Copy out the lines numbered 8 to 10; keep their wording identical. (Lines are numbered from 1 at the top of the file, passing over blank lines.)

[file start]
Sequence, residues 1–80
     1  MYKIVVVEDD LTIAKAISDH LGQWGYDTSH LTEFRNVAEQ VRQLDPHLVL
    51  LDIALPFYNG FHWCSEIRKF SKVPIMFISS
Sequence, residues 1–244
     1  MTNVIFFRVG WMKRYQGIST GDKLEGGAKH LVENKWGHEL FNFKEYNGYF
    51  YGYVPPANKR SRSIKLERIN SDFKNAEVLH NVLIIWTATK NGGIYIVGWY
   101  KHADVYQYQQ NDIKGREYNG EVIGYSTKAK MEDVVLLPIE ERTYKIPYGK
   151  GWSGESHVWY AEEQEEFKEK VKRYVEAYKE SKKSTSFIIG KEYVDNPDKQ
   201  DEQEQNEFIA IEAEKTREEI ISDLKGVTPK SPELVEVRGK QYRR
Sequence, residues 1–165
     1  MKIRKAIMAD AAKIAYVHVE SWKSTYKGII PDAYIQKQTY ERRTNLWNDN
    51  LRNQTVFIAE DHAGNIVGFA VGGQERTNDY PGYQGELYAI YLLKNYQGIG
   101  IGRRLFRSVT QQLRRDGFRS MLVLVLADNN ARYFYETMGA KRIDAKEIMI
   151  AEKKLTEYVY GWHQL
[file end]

   151  GWSGESHVWY AEEQEEFKEK VKRYVEAYKE SKKSTSFIIG KEYVDNPDKQ
   201  DEQEQNEFIA IEAEKTREEI ISDLKGVTPK SPELVEVRGK QYRR
Sequence, residues 1–165